James Privett’s appointment as Group Executive Chef of Applejack Hospitality sends a clear message to other small bars that when it comes to the food side of business, it’s game on!
James has held a number of high-profile positions over the years, including Head Chef at Ananas Bistro and Bar, The Cut Bar and Grill (Urban Purveyor Group), The Light Brigade Hotel, Merivale’s Bistro CBD and Bistro Moncur, as well as roles at The Clock Hotel and Bennelong Restaurant.
Classically trained in French cuisine, having worked under veteran chefs Damien Pignolet, Janni Kyritsis and Anders Ousback, James has been inspired and influenced by such renowned chefs as Peter Doyle and Paul McGrath.
James’ journey to date has been an interesting one and how he makes the switch from working at some of Sydney’s finest eateries to the fast-paced world of small bars will be well worth watching.
Bistro: Your background is most impressive, polarised as it is between fine dining restaurants and classic “pub-type” venues. What are the key differences in working in, say, Bennelong Restaurant or Bistro Moncur to Light Brigade or Clock Hotel?
JP: The key difference is primarily the market that you’re aiming your product to. The standards don’t change and the expectation stays the same – you’re just providing a different style of dining experience. It’s all about giving customers what they want even if they don’t know they want it.
Bistro: You have worked with many of the biggest names in the country. Who were the standouts and why?
James: They’ve all been instrumental in different ways. Janni Kyritsis and Gay Bilson at Bennelong gave me my first look into fine dining and really shaped the direction for the rest of my career. Damien Pignolet gave me a lot of opportunities to grow and develop as a chef. Everyone I’ve worked with and everyone I’ve worked for – good and bad really – have played a stand-out role in shaping me as a chef.
B: How important is it for a young chef to have a mentor?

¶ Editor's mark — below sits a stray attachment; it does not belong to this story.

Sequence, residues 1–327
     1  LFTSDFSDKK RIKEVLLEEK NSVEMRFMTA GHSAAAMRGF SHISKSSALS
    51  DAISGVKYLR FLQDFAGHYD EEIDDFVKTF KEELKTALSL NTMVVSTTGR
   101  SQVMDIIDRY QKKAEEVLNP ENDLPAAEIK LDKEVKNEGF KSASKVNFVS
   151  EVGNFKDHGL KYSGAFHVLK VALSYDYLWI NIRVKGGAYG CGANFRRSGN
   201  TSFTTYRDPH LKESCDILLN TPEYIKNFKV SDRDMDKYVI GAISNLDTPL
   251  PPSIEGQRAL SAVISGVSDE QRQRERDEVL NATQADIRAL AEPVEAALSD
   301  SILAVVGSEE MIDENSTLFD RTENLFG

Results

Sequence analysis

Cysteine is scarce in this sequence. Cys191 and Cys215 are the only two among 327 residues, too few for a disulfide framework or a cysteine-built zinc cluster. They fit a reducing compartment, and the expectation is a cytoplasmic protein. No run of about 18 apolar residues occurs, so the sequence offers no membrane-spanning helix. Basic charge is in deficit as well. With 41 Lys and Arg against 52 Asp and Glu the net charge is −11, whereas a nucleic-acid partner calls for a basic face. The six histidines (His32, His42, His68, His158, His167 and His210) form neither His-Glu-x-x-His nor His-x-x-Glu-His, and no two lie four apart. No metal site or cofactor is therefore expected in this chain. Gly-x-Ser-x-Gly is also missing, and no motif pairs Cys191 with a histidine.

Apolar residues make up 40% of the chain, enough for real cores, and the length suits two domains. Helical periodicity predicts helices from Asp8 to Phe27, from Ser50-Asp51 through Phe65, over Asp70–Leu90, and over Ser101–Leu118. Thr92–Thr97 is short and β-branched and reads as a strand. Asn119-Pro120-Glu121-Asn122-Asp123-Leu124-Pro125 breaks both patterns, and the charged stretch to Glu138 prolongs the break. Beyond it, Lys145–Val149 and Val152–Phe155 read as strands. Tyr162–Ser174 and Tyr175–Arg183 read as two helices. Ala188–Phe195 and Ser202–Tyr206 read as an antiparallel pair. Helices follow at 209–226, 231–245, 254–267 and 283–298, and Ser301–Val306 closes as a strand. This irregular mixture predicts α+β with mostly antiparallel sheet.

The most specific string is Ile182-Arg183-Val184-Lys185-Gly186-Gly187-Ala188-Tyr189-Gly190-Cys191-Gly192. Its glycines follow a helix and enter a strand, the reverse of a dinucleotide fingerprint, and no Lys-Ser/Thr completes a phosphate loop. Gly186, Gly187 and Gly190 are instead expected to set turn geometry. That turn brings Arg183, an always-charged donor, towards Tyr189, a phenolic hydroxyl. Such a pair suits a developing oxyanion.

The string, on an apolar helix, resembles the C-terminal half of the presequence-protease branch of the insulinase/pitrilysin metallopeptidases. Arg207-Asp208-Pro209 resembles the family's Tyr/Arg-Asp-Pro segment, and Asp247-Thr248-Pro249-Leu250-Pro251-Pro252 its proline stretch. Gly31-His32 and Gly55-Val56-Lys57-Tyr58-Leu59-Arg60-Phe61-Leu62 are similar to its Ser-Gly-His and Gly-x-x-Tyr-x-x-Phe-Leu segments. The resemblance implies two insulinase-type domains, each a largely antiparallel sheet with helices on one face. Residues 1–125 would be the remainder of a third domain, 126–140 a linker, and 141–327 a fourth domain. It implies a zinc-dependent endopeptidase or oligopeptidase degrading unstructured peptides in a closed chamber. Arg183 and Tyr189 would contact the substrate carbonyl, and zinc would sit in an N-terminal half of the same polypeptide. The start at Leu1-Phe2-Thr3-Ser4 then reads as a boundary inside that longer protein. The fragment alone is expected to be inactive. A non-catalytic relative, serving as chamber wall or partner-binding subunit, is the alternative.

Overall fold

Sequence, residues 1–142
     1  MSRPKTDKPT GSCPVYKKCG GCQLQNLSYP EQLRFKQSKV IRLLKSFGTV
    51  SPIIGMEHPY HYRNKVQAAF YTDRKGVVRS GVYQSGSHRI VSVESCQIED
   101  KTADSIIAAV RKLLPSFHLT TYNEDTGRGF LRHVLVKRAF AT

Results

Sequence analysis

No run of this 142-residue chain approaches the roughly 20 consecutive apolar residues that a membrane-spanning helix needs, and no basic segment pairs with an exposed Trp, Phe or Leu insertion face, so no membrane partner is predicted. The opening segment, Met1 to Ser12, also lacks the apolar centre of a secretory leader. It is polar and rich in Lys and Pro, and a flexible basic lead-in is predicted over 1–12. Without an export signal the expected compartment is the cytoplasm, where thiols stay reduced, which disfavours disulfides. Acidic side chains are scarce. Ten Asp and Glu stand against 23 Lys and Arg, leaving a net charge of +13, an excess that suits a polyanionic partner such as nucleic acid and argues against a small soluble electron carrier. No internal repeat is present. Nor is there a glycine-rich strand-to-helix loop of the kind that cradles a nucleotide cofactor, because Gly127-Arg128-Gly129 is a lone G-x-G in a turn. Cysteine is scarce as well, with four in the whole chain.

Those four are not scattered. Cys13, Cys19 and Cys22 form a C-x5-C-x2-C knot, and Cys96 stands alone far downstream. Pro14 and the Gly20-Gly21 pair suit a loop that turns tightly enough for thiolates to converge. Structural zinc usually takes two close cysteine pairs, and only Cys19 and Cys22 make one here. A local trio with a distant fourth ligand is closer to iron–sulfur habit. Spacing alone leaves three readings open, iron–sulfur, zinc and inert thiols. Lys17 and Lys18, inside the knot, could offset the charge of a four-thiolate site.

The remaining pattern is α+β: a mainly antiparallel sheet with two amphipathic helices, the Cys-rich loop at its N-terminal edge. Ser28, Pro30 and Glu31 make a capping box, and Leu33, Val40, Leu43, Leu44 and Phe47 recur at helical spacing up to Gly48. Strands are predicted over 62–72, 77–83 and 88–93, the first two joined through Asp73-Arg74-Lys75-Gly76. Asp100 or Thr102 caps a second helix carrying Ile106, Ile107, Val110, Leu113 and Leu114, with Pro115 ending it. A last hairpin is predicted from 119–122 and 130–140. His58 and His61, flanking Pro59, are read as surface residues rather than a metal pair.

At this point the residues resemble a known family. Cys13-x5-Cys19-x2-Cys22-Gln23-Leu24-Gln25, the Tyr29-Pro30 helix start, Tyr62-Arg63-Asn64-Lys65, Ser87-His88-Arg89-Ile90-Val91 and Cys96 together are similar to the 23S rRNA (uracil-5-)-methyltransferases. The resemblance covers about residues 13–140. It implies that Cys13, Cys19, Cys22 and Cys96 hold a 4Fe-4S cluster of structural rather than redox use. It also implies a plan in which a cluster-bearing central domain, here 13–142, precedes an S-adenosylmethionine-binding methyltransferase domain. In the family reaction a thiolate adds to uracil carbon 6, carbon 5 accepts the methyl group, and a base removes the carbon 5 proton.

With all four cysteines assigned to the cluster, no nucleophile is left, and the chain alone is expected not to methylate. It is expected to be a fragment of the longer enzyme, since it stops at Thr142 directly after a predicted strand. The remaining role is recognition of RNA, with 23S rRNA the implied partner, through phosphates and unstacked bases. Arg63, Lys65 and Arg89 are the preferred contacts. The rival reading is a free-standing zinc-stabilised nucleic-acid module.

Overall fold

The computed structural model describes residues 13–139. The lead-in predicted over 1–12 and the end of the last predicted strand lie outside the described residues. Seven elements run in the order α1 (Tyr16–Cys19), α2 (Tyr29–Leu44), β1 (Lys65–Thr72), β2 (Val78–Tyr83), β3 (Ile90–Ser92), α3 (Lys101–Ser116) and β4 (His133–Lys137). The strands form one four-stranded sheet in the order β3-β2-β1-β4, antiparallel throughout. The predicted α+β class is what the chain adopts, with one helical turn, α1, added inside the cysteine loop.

JP: It’s important for them to have someone who cares about their career and cares about making them a better chef. I guess it’s good to have someone who inspires you and drives you to be better but that can only get you so far. It’s the hard work that makes you successful, not the success of someone else.
B: Most successful small bars nowadays seem to have a strong food presence. How important is it for venues like Botanist to have a strong food offering.
JP: All of our venues are food-focused – we’re more restaurant than bar. Having said that, as a general rule I think you need to offer a complete package. Customers are better educated about food and have a higher expectation of what they should be able to get when they go out. If you want your venue to do well long term then you have to meet that need.
B: In the food sense, where are venues like Applejacks competing? Is it pubs or restaurants?
JP : We’re competing with restaurants. We have a fairly unique style but it definitely hits the restaurant side of the scale.
B: You are known for great steaks – will your menus be a bit ‘red meat-centric’?
JP: Not at all. Of course we have a great steak offered at each venue but again, it’s about building a menu that is driven by customer needs. How good would a solely red meat menu be though? Delicious!
B: You have taken an interest in South American cuisine. Why?
JP: My interest in South American food came about because it was the direction we were looking at for SoCal. It’s very different to everything that I’ve done in the past and it’s been a really nice thing to challenge myself with new flavours and products.
B: Will the three Applejack venues have similar menus?
JP: The structure of the menus is very similar – they have some cross-over but each venue has its own identity and that’s important for us. People should know they are in an Applejack venue based on the feel and style of the room but they’ll get a different food offer that suits the style of the venue and the skills of its head chef.
B: Your latest venue, SoCal, is in a new food precinct in Neutral Bay, just across the Sydney Harbour Bridge, competing with brands like Firefly, Pony and, of course, The Oaks Hotel. How is SoCal going to be different in the food sense? What are you offering that your competitors are not?
JP: The food at SoCal is built around a Southern Californian feel so we aim for fresh and light with some big punchy flavours.
B: How many venues can a Group Executive Chef run effectively?
JP: With the right teams in place, there’s no end to how many.
B: What are your plans and goals for the future?
JP: Right now it’s all about the continued growth of Applejack.